But this is not the only reason. Yale Lock Manufacturing Co. was their largest competitor and in 1877 these two companies colluded to dominate the market. This was many years before the concerns with corporate domination and price fixing through collusion and trusts resulted in the Sherman Anti-Trust Act of 1890. To drive home the point, below is a reproduction of a joint catalog released by S&G and Yale in 1883. They readily show their wares side by side and, not coincidentally, the pricing is identical for time locks that would otherwise be in competition! Look carefully at the illustration of the Yale No. 1, it is upside-down, reminiscent of the famous postage stamp the 'Inverted Jenny'. One can easily see how the catalog printer mistakenly looked at the S&G illustration seeing the two dials at the top and then applied the same thinking to the Yale time lock. The catalog has an insert showing the corrected depiction.

  

Below I will explore the various design features and other information that would be interesting from a collector's perspective.  

S&G 1874 and the present day:

These two photos show the earliest known example of S&G's Model 2 version 1, 1874, case and movement #40 and a contemporary offering, Model 6370. S&G is the only surviving maker from the beginning of the time lock industry. Below I will go through some of the characteristics of the S&G line of time locks and their changes through time. The first to be considered are the early models. Model 1 was made in so few numbers that it will not be shown. It should be noted that the Model 1, 2, 3 and 4, were all introduced between 1874 and 1878 and so the evolution in case, movement and bolt decoration ran fairly concurrently across these models. Production of the Model 2 through Model 4 continued until 1929 when the great Depression brought all new bank building and business in general and thus the demand for time locks of all models to a halt.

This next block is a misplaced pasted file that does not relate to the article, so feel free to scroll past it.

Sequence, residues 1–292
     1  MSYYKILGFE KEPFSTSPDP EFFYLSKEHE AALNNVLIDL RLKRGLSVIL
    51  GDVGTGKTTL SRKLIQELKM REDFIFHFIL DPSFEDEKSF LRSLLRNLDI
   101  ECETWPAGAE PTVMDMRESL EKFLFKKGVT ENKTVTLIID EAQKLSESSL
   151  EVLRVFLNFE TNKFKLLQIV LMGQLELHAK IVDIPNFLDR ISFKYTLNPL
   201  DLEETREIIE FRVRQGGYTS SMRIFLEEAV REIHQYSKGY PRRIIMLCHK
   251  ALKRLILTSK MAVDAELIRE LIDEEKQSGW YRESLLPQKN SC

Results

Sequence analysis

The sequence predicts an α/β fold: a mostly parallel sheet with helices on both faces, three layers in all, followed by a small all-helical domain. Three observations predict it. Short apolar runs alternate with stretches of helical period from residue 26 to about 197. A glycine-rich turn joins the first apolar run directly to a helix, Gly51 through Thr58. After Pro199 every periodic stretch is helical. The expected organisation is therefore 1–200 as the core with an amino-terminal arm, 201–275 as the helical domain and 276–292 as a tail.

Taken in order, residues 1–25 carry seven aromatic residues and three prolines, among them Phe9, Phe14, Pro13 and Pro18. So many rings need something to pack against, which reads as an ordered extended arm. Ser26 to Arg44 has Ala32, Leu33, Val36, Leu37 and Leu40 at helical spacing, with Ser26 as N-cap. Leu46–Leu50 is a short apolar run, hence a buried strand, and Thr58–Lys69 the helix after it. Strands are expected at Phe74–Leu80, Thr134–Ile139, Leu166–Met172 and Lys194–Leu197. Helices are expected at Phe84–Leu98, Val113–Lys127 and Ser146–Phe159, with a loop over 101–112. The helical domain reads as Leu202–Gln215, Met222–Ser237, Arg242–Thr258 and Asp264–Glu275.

Case decoration: